An increasing number of investors believe that cryptocurrency bitcoin has become an institutional-grade asset class – I agree. Some even believe that bitcoin replaces gold’s function in a portfolio. But with that, I disagree. Here’s why I believe that investors should own both – particularly in an inflationary environment.
Bitcoin’s recent strength reflects an exciting new digital financial world which isn’t going away. By owning bitcoin, you are exposed to that growth, and own a digital “hard” asset. With ever-fewer bitcoins being created in the future (see the box below), bitcoin will become increasingly scarce. By the year 2032, a high bitcoin price will be nearly 90% cheaper to sustain than it would be today. The miners (the supercomputers that solve the very hard sums that both create new bitcoins and allow transactions to be processed and logged on the blockchain) are paid to support and maintain the network, but will receive ever fewer bitcoins over time, with the resulting “inflation” rate approaching zero within a decade.
Where bitcoin and gold differ
The new supply of gold is also on a downward slope. This commonality between the two assets has gained much attention. Both gold and bitcoin are deemed to protect investors from inflation, which is one reason why some investors see them as interchangeable – or bitcoin as “gold 2.0”. But this is where they’re wrong.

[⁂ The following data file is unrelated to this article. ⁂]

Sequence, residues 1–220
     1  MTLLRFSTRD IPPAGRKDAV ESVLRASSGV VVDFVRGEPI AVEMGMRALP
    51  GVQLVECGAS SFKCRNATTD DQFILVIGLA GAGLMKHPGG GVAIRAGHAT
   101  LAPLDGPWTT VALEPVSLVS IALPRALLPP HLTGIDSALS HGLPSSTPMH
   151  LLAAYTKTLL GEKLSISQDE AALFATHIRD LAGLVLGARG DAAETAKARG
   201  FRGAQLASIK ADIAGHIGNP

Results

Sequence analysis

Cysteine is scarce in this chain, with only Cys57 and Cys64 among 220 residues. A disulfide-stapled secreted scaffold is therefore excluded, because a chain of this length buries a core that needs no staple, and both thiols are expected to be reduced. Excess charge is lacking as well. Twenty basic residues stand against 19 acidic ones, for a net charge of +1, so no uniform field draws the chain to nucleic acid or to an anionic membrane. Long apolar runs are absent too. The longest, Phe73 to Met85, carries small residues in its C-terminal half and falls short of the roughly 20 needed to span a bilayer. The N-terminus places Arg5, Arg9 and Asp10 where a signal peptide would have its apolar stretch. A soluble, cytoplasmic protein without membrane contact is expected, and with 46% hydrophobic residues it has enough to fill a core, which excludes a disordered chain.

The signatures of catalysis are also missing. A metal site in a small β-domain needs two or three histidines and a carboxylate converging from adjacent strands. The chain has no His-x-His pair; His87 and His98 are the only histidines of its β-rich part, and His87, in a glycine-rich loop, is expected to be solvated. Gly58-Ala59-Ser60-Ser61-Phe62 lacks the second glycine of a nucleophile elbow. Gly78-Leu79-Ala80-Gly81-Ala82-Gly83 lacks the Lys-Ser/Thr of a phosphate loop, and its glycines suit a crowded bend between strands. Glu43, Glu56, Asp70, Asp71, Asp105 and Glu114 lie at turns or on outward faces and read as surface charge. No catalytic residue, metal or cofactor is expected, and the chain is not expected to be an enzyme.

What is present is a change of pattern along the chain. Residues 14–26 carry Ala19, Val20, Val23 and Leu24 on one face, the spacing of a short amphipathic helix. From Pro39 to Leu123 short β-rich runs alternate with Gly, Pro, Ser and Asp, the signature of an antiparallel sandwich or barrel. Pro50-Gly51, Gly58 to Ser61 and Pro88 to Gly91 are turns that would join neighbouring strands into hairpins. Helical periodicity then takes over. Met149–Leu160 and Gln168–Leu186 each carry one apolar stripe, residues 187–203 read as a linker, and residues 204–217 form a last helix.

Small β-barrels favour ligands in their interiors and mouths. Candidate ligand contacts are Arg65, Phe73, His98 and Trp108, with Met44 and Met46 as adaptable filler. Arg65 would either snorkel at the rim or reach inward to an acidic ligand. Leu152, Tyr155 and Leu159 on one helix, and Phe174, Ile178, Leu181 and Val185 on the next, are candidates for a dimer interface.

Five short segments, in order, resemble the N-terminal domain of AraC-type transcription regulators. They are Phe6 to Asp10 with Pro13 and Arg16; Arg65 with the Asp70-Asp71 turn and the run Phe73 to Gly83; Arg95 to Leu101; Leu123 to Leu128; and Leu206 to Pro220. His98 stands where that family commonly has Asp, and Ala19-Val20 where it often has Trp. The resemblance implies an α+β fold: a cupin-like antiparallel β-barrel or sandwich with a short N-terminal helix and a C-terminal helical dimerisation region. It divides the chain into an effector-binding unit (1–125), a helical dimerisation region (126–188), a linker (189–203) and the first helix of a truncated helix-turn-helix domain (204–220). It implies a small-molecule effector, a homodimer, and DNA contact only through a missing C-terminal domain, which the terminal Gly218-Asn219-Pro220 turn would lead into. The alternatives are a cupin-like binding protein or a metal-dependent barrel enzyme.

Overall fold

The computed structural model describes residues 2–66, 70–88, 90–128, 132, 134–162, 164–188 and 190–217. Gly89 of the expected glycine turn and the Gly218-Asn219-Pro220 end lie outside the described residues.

The main difference between the two is that bitcoin thrives during “risk-on” conditions, whereas gold prefers “risk-off”. Risk-on occurs when the economy is growing, bond yields are rising (and so bond prices are falling), and animal spirits are in the air. In contrast, gold thrives when real interest rates (that is, bond yields minus inflation expectations) are declining. In other words, when inflation is rising yet bond yields are rising more quickly – which is what we’ve seen recently – that puts downward pressure on the gold price. By contrast, if inflation is rising more quickly than bond yields, you should expect gold to outperform bitcoin. In short, these two assets are not in competition – they are inherently different.
To see this in action, think back to the market panic in March 2020. When measured in pounds sterling, the gold price didn’t budge, whereas bitcoin’s price halved. A few months later, gold was all the rage as inflation expectations recovered while there remained doubts about the state of the economy, and thus bond yields remained low amid investor and central bank caution. This all came to an abrupt end when bond yields started to rise in August. That was the moment that the economy started to recover, and gold handed the baton to bitcoin. It was a macroeconomic shift. The next time the economy turns down, expect bitcoin to hand the baton back to gold.
So bitcoin is not replacing gold, and neither is it in competition – instead they serve completely different purposes. Both are inflation-sensitive…